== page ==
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U.S. Chamber of Commerce Suggests COOL Rule is Costly

U.S. Chamber of Commerce Suggests COOL Rule is Costly

Country of Origin labeling rule could lead to thousands of lost jobs, U.S. Chamber of Commerce opinion piece suggests

In an opinion piece posted Wednesday, U.S. Chamber of Commerce Senior Vice President for International Policy John Murphy says County of Origin Labeling has the potential to cost America thousands of lost jobs in factories and on farms due to Canadian and Mexican retaliation on U.S. products.

The rule, which a World Trade Organization panel on Monday found to be inconsistent with rules on technical barriers to trade, mandates labeling on meat products which indicate where the originating animal was born, raised and slaughtered.

According to WTO complaints from Canada and Mexico, the countries felt the COOL rule creates unnecessary bias and discriminates against imports.

Country of Origin labeling rule could lead to thousands of lost jobs, U.S. Chamber of Commerce opinion piece suggests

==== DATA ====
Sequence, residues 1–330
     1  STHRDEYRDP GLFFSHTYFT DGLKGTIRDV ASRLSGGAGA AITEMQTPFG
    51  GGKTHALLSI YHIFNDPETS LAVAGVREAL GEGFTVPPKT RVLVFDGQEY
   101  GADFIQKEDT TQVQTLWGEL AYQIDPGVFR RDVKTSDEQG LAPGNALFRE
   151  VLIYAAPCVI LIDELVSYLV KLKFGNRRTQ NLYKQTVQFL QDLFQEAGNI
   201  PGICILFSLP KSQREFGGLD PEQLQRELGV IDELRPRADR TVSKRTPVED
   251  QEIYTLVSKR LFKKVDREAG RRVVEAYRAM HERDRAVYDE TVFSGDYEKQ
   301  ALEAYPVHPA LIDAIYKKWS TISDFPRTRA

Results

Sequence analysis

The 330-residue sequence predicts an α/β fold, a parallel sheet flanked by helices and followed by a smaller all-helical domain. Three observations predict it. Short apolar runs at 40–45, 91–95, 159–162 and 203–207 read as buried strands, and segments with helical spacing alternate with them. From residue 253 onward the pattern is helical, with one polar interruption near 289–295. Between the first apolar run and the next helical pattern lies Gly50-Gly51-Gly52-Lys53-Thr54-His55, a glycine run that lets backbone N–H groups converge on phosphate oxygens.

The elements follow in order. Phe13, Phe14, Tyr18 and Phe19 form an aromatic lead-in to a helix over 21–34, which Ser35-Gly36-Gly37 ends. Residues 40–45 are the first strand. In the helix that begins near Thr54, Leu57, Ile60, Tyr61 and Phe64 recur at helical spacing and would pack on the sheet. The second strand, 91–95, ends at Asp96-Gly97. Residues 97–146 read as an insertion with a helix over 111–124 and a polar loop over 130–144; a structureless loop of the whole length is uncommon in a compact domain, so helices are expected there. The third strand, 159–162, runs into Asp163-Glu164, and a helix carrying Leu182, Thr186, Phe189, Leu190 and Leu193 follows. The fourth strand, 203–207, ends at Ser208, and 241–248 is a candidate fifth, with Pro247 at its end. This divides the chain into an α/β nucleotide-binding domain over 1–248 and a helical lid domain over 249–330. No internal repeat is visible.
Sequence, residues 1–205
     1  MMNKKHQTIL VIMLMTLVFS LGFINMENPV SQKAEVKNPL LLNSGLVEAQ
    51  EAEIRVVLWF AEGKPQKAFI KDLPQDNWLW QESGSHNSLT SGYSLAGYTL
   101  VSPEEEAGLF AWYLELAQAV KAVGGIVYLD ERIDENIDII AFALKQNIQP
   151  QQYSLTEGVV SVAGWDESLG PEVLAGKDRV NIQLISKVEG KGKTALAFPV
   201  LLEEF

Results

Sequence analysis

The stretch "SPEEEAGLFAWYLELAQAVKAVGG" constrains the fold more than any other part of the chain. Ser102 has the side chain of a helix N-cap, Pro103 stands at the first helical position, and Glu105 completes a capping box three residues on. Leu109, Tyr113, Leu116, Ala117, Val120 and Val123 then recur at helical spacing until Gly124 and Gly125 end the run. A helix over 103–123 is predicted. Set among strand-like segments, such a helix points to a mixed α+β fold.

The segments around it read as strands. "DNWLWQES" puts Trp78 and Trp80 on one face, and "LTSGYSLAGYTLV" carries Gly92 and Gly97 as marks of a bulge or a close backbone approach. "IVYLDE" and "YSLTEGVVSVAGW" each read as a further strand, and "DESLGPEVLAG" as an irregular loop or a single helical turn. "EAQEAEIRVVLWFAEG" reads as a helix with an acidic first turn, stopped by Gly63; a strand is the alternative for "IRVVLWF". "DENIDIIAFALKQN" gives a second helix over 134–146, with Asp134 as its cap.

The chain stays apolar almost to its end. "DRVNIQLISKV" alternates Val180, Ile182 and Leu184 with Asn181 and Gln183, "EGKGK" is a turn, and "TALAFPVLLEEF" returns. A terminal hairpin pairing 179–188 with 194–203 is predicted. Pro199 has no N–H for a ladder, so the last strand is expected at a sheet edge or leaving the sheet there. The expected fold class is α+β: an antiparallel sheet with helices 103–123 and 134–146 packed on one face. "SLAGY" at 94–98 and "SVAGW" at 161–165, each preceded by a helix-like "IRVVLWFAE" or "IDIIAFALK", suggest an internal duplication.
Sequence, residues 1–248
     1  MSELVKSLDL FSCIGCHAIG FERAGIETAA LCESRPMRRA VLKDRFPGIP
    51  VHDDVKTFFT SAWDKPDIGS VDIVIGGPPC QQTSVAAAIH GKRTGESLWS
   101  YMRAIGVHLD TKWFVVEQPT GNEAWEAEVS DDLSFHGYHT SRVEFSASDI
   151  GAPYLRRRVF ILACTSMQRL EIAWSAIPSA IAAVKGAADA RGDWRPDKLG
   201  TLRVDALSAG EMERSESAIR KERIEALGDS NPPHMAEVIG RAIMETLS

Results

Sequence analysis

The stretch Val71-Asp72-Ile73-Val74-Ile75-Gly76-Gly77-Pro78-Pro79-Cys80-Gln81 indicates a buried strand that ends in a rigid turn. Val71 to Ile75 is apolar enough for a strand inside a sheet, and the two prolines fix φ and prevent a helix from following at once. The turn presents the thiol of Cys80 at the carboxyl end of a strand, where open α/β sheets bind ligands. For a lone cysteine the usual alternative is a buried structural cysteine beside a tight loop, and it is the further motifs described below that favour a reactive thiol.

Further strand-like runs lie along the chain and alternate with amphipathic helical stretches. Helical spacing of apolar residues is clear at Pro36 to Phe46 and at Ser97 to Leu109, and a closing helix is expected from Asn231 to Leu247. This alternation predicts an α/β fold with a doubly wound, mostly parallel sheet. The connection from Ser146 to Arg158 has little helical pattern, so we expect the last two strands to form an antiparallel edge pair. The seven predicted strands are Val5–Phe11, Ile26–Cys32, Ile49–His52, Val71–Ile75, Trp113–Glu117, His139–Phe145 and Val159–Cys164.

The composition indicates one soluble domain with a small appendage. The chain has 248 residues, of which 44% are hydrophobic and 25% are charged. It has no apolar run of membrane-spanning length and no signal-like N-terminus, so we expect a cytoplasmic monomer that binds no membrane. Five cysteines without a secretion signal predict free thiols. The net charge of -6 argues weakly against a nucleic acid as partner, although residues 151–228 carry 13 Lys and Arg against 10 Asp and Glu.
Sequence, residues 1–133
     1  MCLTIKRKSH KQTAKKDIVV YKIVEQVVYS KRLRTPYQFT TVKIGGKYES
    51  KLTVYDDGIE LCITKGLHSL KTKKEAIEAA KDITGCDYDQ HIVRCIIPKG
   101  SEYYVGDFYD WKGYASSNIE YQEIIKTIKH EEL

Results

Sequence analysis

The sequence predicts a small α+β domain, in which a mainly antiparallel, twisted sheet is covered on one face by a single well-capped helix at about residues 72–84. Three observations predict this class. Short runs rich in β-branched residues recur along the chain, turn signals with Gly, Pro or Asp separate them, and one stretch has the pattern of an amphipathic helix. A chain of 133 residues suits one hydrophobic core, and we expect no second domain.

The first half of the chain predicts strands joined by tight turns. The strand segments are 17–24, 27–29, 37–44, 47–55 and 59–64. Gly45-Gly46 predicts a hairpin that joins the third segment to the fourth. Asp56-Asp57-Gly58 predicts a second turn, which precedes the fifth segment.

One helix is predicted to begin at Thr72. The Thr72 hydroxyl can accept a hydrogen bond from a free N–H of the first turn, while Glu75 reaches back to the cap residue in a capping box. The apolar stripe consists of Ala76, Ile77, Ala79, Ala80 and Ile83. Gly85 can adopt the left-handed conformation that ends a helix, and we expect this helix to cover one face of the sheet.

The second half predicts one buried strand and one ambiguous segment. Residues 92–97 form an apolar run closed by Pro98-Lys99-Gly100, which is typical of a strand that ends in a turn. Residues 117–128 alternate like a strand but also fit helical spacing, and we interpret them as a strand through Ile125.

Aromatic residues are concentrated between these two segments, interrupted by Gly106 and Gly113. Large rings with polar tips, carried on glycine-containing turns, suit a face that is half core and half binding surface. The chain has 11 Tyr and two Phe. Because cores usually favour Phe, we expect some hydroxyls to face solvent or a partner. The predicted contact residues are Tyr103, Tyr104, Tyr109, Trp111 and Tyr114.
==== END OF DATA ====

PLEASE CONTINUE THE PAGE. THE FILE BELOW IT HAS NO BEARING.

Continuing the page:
The countries represent the two largest markets for U.S. exports, the Chamber points out in its opinion piece, and with the ruling could have the power to retaliate by imposing tariffs on an array of American industries.

Related: World Trade Organization Rules Against Country of Origin Labeling

The Chamber says costs also could go beyond tariff retaliation. "More than 95% of the world’s consumers live outside the United States. American farmers, workers, and companies won’t be able to tap those markets if we don’t live up to these rules—rules we expect others to follow—rules that the United States did more to write than any other country," Murphy writes.

The WTO's Monday ruling is the second ruling on COOL. The first was delivered in 2012, after which the USDA proposed a revised rule in 2013, intended to satisfy the requests of the WTO.

Now, after two failed attempts, the Chamber says, "Congress [should] immediately authorize and direct the Secretary of Agriculture to rescind elements of COOL that have been determined to be noncompliant with international trade obligations by a final WTO adjudication."

Supporters of the rule, however, say it provides needed information to consumers making purchasing decisions, and offers added value to U.S. cattlemen.

Ag organizations opposed to the rule suggest it adds to costs for packers and threatens relationships with trading partners.

For more, read full reaction to the COOL decision and the complete U.S. Chamber of Commerce blog post.

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